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Vmalum.czui Infection


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#1 ann35

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Posted 20 May 2008 - 09:26 AM

Please help! I have Windows XP operating system and use CA Internet Security Suite.

My CA Antivirus said I had the following infection: Win32/VMalum.CZUI
Filename C:\WINDOWS\system32\C:\WINDOWS\system32\


The antivirus hasnt deleted it, only shown that there is an infection. A few days ago, another message popped up with a different file infection. That was
File infection: C:\WINDOWS\system32\DefLib.sys is Win32/Meldsimp trojan

The CA Realtime Scanner Log shows the following:

4/16/2008 9:22:59 AM File infection: C:\Documents and Settings\AT\Local Settings\Temporary Internet Files\Content.IE5\UGRYFEAG\performances[1].html is infected with HTML/Mafext virus. Clean failed

5/13/2008 8:07:46 AM File infection: C:\WINDOWS\herjek.config is Win32/Sintun trojan. Deleted

5/13/2008 8:07:46 AM File infection: C:\WINDOWS\herjek.config is Win32/Sintun trojan.

5/13/2008 8:07:55 AM File infection: C:\WINDOWS\herjek.config is Win32/Sintun trojan.

...... (this message is repeated probably 100 times)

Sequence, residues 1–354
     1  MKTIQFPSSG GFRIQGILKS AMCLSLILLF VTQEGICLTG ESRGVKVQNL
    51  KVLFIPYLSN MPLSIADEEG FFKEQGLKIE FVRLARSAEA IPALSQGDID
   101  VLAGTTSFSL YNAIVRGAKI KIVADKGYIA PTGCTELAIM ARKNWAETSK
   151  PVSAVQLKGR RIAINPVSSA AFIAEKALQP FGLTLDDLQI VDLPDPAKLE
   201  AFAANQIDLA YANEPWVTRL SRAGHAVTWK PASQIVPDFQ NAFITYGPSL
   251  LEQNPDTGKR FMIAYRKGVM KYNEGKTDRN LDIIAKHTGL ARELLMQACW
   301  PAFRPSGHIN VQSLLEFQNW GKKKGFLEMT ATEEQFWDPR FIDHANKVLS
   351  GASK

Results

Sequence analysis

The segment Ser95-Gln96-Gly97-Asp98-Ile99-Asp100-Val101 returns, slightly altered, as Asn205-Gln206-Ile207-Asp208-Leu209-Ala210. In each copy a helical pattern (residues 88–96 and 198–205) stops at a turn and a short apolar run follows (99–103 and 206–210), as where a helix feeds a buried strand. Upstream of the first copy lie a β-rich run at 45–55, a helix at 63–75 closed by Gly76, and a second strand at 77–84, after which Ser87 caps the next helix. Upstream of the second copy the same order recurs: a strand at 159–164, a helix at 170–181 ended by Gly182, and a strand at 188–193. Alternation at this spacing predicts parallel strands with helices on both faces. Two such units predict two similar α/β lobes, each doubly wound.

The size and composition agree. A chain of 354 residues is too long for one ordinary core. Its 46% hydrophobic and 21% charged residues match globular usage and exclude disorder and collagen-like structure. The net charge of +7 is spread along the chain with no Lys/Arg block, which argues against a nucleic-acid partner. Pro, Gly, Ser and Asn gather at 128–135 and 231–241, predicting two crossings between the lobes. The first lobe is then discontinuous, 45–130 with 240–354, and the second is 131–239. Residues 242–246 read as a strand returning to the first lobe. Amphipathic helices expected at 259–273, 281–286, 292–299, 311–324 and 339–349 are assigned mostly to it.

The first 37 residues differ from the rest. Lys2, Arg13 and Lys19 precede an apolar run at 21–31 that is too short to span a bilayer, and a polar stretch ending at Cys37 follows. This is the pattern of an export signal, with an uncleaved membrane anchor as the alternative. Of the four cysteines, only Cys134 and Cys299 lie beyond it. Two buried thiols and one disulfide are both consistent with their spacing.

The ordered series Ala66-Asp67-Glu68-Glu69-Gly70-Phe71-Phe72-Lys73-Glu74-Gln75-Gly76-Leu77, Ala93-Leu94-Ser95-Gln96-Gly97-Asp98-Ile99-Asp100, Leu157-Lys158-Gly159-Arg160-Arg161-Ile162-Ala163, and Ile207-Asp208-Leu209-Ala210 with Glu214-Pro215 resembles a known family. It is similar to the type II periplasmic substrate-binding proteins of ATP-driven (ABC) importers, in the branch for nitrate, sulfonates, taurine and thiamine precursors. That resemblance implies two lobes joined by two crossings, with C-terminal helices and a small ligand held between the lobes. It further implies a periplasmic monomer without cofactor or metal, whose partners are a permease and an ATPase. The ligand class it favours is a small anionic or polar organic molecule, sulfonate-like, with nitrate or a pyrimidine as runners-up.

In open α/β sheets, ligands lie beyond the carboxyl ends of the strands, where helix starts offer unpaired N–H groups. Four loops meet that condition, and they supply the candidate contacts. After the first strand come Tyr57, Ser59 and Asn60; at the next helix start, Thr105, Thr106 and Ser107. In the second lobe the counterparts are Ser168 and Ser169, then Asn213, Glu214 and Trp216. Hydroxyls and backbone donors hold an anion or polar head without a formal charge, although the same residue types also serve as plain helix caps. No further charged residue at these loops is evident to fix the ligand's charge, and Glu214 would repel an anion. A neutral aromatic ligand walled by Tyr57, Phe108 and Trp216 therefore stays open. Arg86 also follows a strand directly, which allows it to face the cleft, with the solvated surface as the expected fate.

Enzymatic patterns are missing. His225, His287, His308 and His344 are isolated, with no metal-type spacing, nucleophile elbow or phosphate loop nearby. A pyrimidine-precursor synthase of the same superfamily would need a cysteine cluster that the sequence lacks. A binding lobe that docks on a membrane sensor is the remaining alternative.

5/13/2008 8:07:58 AM File infection: C:\WINDOWS\herjek.config is Win32/Sintun trojan.

5/16/2008 14:31:25 PM File infection: C:\WINDOWS\system32\DefLib.sys is Win32/Meldsimp trojan.

5/16/2008 14:31:25 PM File infection: C:\WINDOWS\system32\DefLib.sys is Win32/Meldsimp trojan.

5/20/2008 9:38:41 AM File infection: C:\WINDOWS\system32\win32osf.exe is Win32/VMalum.CZUI infection.

5/20/2008 9:38:42 AM File infection: C:\WINDOWS\system32\win32osf.exe is Win32/VMalum.CZUI infection.

5/20/2008 10:10:34 AM File infection: C:\WINDOWS\system32\win32osf.exe is Win32/VMalum.CZUI infection.

5/20/2008 10:12:01 AM File infection: C:\WINDOWS\system32\win32osf.exe is Win32/VMalum.CZUI infection.

5/20/2008 10:12:01 AM File infection: C:\WINDOWS\system32\win32osf.exe is Win32/VMalum.CZUI infection.



I have run the CA Antivirus scan many times and it shows no viruses. I am frustrated as to why this infection still exists and how it isnt getting cleaned out by the antivirus.

Any help would be greatly appreciated.

Thank you.

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#2 quietman7

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Posted 20 May 2008 - 01:37 PM